Latin name Evernia prunastri – Family species Usneaceae

oakmossOakmoss, also known as Pseudovernia prunastri, Mousse de Chêne and Treemoss, is primarily used as a fixative. There is an absolute, an absolute oil, a concrete, and resin. The solvent extracted absolute is the most important and it and the absolute oil are used in perfumery (the absolute oil being used more in high class perfumes). The other products are primarily used in soaps, hair products, and lower cost products. According to the below link, the synonyms Mousse de Chêne and Treemoss may really be associated with Evernia furfuracea, which shares many of the same properties and is sometimes used as a substitute for oakmoss.

“Oak moss was used in perfumery as early as the 16th century. Baskets filled with it have been found in the ancient royal tombs of Egypt, but whether it was intended for perfume or for food is not known. Oak moss contains a starchy edible substance. A mixture of acids extracted from it is used in drugs for treating external wounds and infections.”-Britannica.com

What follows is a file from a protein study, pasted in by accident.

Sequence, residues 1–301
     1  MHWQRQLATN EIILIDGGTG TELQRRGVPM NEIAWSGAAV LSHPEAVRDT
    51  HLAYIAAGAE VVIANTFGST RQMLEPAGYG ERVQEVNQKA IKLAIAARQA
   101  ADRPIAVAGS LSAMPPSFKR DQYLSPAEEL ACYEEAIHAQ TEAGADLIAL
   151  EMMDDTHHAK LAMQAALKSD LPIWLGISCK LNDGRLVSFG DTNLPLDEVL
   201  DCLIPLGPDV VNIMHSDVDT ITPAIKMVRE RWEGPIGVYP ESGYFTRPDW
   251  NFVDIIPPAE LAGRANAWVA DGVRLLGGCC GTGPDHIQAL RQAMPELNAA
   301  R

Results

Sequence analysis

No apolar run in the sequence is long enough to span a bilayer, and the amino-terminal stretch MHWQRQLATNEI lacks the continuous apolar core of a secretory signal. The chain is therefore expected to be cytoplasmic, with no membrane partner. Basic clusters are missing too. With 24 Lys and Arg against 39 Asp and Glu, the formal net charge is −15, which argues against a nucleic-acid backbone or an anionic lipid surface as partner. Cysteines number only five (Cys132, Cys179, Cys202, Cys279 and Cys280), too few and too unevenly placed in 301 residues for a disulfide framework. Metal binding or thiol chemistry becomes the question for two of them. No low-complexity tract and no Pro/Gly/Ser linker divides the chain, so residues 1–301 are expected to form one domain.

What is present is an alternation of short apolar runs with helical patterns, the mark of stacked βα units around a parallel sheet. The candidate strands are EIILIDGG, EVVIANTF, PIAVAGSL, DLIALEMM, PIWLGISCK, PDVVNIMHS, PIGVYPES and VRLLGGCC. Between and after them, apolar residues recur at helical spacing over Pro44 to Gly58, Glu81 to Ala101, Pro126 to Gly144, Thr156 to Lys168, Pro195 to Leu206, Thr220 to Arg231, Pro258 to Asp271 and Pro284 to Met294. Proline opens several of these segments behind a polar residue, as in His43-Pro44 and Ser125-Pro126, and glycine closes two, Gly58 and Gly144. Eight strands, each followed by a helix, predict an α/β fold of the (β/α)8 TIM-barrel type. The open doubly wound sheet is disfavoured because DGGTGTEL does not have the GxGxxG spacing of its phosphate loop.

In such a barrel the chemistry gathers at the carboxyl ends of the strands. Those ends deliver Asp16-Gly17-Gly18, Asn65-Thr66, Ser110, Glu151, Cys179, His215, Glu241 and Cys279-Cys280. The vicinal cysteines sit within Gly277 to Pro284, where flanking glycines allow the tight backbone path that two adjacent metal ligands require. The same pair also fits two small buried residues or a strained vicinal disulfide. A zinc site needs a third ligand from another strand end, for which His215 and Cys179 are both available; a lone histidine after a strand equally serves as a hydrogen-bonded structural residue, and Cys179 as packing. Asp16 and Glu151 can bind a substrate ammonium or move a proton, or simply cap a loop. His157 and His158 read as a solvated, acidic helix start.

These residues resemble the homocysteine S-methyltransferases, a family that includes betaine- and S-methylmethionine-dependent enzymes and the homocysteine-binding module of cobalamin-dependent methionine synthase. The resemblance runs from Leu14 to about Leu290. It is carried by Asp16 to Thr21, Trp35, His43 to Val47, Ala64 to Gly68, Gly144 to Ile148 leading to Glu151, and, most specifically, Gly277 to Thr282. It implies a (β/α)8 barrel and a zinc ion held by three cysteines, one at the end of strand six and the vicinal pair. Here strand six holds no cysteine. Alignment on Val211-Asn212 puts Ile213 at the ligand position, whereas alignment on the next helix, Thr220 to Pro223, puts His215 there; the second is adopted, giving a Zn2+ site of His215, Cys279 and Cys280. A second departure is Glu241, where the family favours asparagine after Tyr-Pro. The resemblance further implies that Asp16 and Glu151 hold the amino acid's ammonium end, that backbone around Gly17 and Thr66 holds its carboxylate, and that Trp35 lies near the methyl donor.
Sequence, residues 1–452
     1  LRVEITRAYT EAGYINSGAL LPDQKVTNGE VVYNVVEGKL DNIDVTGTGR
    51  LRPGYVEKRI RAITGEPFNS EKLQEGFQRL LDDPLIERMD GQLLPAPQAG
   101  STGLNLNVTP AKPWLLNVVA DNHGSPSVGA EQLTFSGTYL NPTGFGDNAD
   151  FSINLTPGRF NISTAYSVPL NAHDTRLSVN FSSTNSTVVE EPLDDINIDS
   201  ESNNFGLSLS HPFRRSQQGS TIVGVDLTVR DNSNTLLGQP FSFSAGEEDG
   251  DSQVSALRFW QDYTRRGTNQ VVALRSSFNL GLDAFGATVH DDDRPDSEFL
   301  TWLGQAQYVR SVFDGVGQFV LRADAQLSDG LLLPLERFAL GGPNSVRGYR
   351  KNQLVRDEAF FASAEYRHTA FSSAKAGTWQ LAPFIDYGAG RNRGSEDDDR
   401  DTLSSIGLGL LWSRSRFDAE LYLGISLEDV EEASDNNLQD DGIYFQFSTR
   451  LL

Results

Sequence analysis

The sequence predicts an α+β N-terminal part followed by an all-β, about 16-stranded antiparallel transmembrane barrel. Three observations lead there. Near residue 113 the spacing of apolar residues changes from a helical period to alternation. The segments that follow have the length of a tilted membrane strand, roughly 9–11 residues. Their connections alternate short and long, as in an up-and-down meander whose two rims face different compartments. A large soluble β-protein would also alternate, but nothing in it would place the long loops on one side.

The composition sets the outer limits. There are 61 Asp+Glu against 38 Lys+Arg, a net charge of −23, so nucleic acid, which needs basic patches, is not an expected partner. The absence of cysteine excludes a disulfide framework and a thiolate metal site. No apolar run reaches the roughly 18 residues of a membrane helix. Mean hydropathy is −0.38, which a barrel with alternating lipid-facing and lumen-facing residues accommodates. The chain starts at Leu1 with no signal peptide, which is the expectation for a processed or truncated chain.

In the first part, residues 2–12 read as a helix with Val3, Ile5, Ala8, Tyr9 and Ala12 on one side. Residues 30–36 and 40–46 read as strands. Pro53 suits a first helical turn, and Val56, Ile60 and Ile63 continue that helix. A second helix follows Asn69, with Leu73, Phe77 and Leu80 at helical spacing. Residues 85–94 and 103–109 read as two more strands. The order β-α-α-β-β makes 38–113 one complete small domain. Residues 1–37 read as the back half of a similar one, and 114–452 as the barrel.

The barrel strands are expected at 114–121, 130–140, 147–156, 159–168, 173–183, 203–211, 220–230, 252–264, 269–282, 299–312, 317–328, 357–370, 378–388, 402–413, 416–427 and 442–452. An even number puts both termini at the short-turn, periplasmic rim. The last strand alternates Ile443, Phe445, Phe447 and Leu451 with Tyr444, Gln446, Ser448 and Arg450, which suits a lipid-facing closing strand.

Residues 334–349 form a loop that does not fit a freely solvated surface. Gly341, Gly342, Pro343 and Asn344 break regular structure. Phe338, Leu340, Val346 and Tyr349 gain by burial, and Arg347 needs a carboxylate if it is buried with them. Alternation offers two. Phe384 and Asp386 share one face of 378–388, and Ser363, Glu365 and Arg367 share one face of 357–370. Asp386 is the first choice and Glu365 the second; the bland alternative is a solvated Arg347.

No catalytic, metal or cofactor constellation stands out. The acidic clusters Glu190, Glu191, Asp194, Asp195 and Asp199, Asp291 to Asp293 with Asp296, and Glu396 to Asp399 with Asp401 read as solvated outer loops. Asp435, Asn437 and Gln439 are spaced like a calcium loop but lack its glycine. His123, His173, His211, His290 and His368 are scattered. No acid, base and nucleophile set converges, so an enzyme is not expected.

If you’ve been in the forests and mountainous areas of North America (or France, Spain, Portugal, and many parts of Central Europe), chances are you’ve seen the pale greenish-gray colored, net-like lichen. It especially seems to like to grow on oak trees.

Oil Selection Guide

Color – Dark green or brown (absolute), pale yellow to olive (absolute oil)
Viscosity – Viscous (both)
Scent – earthly, mossy, green (absolute oil is bark-like and dry)
Perfume Aroma – Top, middle, base note

Oil Source Information

Plant Type – Lichen
Countries of Origin – France, Hungary, Greece, Morocco, Algeria, Yugoslavia (former)
Extraction Method – Solvent extraction

Known Chemical Constituents

Evernic acid, d-usnic acid, atranorine, chloratronorine

Applications and Uses

Primarily used as a fixative.

Oakmoss blends well with

Most all oils.

Precautions / Contraindications

Use is recommended to be very well diluted.
May cause irritation to sensitive skin.
Watch out for adulterated oils.
See also Essential Oils Safety and Usage.

References and Resources

See Aromatherapy References and Resources page.

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